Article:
Wisconsin's governor and academic leaders make a commitment to education, despite a kid's ability to pay. Governor Jim Doyle says students who participate in the Wisconsin Covenant are making a promise in 8th grade to earn a high school diploma, participate in their community, maintain a B average, and apply for financial aid … in exchange for higher education. ?If you do your part in high school, we?ll do our part. And we?ll guarantee you a spot in higher education and a financial package to help you pay for it.?
State Superintendent Elizabeth Burmaster promises the kids, if they stay on the right path, access to higher education will be attainable and affordable to them. ?You can work on achieving that dream and that?s what the Wisconsin Covenant is all about. It is a promise and it?s an agreement that if you hold up your end of the deal, that we will, too.?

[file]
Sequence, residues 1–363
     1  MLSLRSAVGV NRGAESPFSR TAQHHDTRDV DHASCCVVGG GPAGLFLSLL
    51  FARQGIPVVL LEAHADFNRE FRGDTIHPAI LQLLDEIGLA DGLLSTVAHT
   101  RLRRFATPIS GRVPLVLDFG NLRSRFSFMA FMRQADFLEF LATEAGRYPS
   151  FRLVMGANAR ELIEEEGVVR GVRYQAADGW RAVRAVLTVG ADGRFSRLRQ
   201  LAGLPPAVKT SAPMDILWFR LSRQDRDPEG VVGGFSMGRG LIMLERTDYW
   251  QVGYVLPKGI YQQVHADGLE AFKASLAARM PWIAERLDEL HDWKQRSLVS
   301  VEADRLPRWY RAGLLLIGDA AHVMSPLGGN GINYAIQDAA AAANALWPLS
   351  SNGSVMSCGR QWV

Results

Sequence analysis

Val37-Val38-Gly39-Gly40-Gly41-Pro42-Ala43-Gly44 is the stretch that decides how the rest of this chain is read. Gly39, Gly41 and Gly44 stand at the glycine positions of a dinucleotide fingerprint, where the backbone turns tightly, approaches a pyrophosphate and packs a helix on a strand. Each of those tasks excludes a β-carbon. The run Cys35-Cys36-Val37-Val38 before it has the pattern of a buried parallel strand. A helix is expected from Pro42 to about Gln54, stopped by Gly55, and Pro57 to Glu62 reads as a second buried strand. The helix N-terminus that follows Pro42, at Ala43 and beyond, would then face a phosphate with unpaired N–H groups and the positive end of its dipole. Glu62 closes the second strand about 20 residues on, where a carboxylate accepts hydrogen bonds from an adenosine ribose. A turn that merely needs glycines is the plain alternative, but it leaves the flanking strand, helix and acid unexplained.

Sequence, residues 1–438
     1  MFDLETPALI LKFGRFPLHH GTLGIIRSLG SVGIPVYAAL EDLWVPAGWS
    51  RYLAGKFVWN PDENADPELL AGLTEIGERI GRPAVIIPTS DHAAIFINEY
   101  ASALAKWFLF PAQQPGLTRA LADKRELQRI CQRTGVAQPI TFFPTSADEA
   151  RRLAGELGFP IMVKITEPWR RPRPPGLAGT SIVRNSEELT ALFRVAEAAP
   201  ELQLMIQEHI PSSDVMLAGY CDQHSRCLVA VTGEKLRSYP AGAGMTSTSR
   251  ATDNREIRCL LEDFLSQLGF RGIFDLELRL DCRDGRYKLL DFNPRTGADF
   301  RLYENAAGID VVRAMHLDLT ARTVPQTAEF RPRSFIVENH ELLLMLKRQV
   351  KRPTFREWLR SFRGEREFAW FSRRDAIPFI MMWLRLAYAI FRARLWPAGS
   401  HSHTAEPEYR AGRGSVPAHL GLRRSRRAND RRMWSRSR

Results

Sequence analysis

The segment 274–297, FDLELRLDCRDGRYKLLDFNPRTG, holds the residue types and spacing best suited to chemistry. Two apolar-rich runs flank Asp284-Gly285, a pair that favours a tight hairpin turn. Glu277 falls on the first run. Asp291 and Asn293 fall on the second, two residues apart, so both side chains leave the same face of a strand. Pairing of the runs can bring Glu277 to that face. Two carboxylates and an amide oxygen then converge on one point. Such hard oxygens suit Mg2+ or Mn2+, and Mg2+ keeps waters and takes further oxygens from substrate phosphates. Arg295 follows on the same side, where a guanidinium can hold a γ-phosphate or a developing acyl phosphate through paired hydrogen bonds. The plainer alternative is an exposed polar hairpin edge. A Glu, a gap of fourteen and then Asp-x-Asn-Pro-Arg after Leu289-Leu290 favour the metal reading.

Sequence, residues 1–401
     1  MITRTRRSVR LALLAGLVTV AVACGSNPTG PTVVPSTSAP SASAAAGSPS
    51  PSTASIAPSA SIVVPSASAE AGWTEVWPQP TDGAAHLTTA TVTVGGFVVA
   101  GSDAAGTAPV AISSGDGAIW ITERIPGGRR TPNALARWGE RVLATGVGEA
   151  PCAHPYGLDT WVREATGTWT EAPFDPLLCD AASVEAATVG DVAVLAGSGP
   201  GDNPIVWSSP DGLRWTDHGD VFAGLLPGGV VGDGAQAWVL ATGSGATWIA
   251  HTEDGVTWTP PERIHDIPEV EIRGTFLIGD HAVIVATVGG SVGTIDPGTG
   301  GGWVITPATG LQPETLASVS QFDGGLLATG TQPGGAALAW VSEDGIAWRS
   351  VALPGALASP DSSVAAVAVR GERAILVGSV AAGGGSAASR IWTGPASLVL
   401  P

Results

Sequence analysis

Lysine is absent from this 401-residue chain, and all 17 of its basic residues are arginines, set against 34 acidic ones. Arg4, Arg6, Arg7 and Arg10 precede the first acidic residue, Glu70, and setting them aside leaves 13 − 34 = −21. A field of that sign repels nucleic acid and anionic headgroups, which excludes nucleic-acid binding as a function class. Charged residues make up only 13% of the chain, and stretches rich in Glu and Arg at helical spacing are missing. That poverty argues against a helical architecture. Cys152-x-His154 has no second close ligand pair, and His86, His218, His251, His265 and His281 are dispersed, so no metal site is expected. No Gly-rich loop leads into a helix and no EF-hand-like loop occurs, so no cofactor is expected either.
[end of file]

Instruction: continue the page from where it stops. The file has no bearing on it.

Students must be good citizens to qualify, which isn't clearly defined. But Doyle says obviously a student would not qualify for this deal if there were a major law violation. He says volunteer work is a big part of the equation, along with schoolwork. ?I sometimes joke with you guys. I?ve talked to a lot of eighth grade classes and they?ll ask me, ?what does being a good citizen mean?? and I?ll say if you ever once talk back to your parents in high school this deal?s off.?
Related web sites:
Wisconsin Covenant (pdf)